The problem facing both sides was the 2,600 pound (give or take) weight of the howitzers.  Even when mounted on a carriage, the howitzers were hard to handle in the marsh.  The Confederates ordered up sling carts with the intent to recover the howitzers under cover of the night.  But the Federals didn’t give them the time to work out those arrangements.

Commander George Balch ordered Lieutenant-Commander Richard Meade, of the USS Marblehead, to recover the howitzers on December 28.  Meade set out mid-afternoon with eight boats and some ninety men, including twenty-two marines to provide security.  Meade first landed men at the Lower Battery location to recover the howitzer there.  He and the rest of the party went to the Upper Batteries.

The marines were thrown well out in advance as pickets, to prevent surprise. The gun in the most northern work being dismounted, it proved an immense labor to raise it and lash it on the siege carriage; the trail of the carriage was then lifted by the main force of 30 men onto the 12-pounder howitzer carriage, brought for the purpose, then lashed there.  A rude wagon was thus formed.

It being impossible to drag the gun through the marsh (knee deep in stiff mud), which was the way we came in, a detour of over a mile was necessary.  Plank was laid along the edge of the marsh and the gun was hauled with great exertion to the bayou and gotten into the Marblehead’s launch. ….

Remarkable improvisation by the sailors. By 4 p.m. both howitzers were on the launches and proud trophies for the naval party.  As Meade put it, “The expedition returned in good order, and the rebels can boast two guns less than they had on December 24, 1863.”  Wartime photographs place one of these two trophies on the USS Pawnee:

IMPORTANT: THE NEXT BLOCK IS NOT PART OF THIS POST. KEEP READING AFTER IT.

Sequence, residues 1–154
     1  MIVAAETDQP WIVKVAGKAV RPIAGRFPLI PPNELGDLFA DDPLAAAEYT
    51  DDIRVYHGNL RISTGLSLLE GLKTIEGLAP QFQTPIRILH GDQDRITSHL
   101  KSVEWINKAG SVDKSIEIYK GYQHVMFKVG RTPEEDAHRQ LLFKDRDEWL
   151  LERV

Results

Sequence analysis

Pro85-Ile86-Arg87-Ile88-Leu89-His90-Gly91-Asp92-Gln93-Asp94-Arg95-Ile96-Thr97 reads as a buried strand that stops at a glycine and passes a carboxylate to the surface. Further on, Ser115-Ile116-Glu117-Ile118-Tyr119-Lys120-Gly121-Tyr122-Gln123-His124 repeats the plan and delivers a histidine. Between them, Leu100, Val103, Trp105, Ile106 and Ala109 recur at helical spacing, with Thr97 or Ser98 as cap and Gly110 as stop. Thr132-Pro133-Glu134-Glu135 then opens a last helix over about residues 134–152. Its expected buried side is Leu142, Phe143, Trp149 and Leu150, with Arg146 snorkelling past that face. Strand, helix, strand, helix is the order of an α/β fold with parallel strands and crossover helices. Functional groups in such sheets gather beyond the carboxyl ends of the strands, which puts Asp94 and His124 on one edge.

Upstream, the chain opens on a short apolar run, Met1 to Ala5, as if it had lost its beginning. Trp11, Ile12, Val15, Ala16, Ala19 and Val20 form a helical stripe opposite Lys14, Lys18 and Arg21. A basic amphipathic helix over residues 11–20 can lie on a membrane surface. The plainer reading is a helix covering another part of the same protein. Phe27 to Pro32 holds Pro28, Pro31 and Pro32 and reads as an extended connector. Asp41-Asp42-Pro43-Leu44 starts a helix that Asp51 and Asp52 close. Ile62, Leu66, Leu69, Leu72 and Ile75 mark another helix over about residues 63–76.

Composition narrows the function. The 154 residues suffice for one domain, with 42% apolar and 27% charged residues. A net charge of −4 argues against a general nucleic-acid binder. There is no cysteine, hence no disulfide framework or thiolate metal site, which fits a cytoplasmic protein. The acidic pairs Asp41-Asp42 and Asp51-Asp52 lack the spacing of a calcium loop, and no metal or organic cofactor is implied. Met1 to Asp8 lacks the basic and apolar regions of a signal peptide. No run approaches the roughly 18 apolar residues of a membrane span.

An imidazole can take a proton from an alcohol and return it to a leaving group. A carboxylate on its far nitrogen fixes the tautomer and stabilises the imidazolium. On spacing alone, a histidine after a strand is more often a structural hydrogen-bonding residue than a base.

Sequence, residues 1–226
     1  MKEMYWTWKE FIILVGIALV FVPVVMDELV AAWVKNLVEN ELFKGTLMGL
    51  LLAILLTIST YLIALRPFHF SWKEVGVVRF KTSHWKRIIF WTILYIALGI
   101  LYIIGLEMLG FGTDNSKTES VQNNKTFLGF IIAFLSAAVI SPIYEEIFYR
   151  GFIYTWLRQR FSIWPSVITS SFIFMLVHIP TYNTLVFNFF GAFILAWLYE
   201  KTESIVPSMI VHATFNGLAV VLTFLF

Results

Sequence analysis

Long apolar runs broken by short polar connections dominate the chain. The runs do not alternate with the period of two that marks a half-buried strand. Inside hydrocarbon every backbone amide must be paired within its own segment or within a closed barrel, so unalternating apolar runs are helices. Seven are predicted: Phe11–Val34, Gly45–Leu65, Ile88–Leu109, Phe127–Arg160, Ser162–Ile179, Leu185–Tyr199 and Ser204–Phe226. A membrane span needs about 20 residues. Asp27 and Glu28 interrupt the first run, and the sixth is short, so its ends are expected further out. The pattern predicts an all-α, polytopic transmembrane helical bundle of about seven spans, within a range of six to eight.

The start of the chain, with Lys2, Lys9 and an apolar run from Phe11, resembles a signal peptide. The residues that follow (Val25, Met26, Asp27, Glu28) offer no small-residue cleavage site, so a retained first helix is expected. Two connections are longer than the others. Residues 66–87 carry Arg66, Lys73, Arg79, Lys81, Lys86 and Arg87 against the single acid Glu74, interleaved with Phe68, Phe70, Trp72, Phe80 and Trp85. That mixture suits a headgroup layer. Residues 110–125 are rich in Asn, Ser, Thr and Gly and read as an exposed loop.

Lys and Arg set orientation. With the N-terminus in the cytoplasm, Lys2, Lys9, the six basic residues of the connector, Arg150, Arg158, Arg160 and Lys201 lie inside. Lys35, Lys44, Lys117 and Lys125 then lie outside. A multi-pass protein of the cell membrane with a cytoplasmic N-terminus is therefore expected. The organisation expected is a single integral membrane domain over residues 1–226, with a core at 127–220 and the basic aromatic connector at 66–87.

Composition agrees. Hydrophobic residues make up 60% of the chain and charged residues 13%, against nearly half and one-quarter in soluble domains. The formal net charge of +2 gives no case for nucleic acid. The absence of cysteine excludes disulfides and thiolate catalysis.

Though it is erroneously identified as a 24-pdr howitzer (result, I think of identification in Meade’s initial report).  The howitzer is definitely an 8-inch Siege Howitzer Model 1841.  The two howitzers ended up as part of the Navy’s trophy collection at Washington Navy Yard. This howitzer is likely the same photographed on the Pawnee‘s deck:

WNY 10 Apr 10 550

The other howitzer in the pair exhibits considerable damage:

WNY 10 Apr 10 544

Both carry an inscription on the breech describing the action at Legareville in short words:

WNY 10 Apr 10 543

But aside from the inscription, there are only traces of some markings on the muzzle.  Nothing that might better identify the source of these howitzers.  Prior to the war, four vendors produced forty-six howitzers of this type (with Fort Pitt Foundry adding four more in 1861 to make it an even fifty).  Survivors of that lot exhibit standard markings as prescribed in pre-war ordnance instructions – inspector initials and registry number on the muzzle; foundry on the right trunnion; year of manufacture on the left trunnion; and weight stamp under the cascabel.

Looking carefully at the muzzle and trunions in the wartime photograph on the Pawnee, I see no markings.  So very likely these howitzers never had the standard set of markings.  That said, just after the war began, Tredegar Foundry produced two dozen of the same make and model for Confederate orders. Four of those went to Charleston in September 1861:

Page 91a

Signed over to Major, later Brigadier-General, J.H. Trapier in fact.  Tredegar foundry markings are notorious for being shallow and easily eroded with time.  And of course, Tredegar disregarded the “Yankee” ordnance instructions for markings early in the war.

Four 8-inch howitzers sent to Charleston in 1861.  Four howitzers of the same type used in the Christmas Day ambush in 1863, with two abandoned and captured.  Now two unmarked howitzers at the Washington Navy Yard.  While not positive proof, there’s enough to suggest the trophies were of Confederate manufacture and not of pre-war Federal stocks.

Regardless of origin, those two howitzers are surviving artifacts from the action at Legareville.

WNY 10 Apr 10 546

Those speak to the action for which four Medals of Honor were awarded, to include the first to an African-American sailor.

(Citations from ORN, Series I, Volume 15, pages 194-6.)